House captures time before President Wilson was known as Woodrow - - Columbia, South Carolina

House captures time before President Wilson was known as Woodrow

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Woodrow Wilson as a teenager, known as Tommy Woodrow Wilson as a teenager, known as Tommy

When he lived in Columbia, he was known as Tommy.  But the world knew him as Woodrow.

Just in time for Presidents Day, the Historic Columbia Foundation has finished restoring the Woodrow Wilson house, the Hampton Street Victorian where the nation's 28th president spent four of his teenage years. It is the only presidential site in the state of South Carolina, according to the HCF.

"It's been an interesting process, tracing back a 14,15-year-old's life through objects, artifacts, things that are written down," said Fielding Freed, Director of House Museums for HCF.

The house tells a story that goes beyond Wilson's life.  It shows visitors what Columbia was like during the years his family lived in the home, as the city and the rest of the South struggled to recover from the devastation of the Civil War.

"We're talking about one of the most tumultuous periods, not just in our nation's history, but, of course, here on the local scene," said John Sherrer, HCF Director of Cultural Resources. "It was during this period that citizens, black and white, were learning the new meanings of citizenship,  You had half of the citizenry newly-empowered."

The Foundation's approach to the Wilson home differs from it's other historic sites in that each room tells a story in what Sherrer calls a "dynamic interpretive format."

"This is a 21st century museum nestled in a 19th century historic home," Sherrer said.

It covers religion and race, the 13th, 14th and 14th Constitutional Amendments, Wilson's presidency, and his teenage years, when he was known as Tommy.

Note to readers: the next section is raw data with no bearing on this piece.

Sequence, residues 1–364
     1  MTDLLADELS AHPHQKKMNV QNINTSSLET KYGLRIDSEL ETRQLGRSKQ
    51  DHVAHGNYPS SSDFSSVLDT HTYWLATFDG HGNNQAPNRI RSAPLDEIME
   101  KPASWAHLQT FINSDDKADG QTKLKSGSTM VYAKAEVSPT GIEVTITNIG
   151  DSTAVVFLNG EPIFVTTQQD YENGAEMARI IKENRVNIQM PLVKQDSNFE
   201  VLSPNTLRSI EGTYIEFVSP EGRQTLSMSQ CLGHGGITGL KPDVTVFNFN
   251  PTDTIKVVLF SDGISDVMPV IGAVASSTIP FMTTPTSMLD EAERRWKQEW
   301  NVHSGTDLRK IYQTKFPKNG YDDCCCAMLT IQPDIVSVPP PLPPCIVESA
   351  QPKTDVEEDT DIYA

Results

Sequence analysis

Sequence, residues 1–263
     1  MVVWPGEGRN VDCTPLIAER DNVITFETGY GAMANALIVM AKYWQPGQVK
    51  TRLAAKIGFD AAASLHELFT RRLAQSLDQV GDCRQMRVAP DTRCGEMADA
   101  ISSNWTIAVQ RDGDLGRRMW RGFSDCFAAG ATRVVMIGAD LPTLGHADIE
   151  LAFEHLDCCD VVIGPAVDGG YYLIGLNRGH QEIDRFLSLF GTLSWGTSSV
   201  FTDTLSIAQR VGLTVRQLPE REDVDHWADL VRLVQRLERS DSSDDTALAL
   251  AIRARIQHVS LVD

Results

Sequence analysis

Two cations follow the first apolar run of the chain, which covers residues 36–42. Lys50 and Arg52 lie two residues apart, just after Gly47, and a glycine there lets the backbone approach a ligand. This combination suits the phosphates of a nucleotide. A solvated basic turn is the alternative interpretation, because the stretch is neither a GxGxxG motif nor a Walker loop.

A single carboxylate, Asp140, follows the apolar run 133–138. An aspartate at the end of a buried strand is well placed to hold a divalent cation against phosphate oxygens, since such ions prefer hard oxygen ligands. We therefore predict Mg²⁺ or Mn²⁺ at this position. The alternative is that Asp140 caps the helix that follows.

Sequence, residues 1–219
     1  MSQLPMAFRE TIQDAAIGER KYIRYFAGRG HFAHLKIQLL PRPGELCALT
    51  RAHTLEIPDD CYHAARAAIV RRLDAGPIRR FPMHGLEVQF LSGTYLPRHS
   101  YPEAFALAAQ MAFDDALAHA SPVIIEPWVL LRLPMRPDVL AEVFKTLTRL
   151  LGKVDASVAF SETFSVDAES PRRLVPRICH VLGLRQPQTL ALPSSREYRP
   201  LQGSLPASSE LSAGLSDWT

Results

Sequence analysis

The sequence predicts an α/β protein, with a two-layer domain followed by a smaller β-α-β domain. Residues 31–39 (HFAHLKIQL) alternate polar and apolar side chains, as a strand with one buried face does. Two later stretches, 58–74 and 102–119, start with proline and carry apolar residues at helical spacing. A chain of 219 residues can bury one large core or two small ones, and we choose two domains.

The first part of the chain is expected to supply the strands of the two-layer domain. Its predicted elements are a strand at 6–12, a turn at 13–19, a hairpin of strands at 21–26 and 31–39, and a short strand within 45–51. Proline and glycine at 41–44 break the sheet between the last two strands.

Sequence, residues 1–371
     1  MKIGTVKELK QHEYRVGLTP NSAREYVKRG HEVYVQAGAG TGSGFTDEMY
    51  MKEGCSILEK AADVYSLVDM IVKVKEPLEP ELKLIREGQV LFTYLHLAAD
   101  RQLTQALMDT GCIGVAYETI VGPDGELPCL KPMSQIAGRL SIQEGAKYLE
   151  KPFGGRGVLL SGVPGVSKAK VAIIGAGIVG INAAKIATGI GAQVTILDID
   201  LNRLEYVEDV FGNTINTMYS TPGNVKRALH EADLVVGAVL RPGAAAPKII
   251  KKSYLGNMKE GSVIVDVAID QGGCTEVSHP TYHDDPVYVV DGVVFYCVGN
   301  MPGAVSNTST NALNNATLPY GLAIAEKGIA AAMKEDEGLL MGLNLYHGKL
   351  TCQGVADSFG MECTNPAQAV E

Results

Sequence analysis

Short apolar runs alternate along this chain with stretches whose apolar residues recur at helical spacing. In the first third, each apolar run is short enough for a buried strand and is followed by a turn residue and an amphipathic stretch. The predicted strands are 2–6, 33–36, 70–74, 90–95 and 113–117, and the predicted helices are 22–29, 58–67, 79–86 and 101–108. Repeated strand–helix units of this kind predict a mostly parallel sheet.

"He loved to doodle," said Freed describing the upstairs room known as Tommy's room. There guests can see his drawing of his favorite dog, a photo of Wilson at the time he lived in Columbia, and touch a replica of a trunk he packed to go to Davidson College.

In contrast to the everyday life of a teenager, another room addresses the turmoil in the South at the time, the era of political terrorism.

"We talk about the resistance organizations," Freed said. "We talk about the Red Shirt campaign."

And they talk about the KKK and the occupation by the Union Army.

"The thing that has been satisfying and personally motivating about this project is we are talking about a subject matter in such a depth like no other museum, not only in South Carolina, but in the entire country," Freed said.

"These are the facts and we're not interjecting a political agenda," said Freed. "We're just documenting what happened and putting it together in a way, in a room in a house, and in a larger context that's still relating to the Wilson's time here like nobody else has done."

Click here for more information on the Historic Columbia Foundation.

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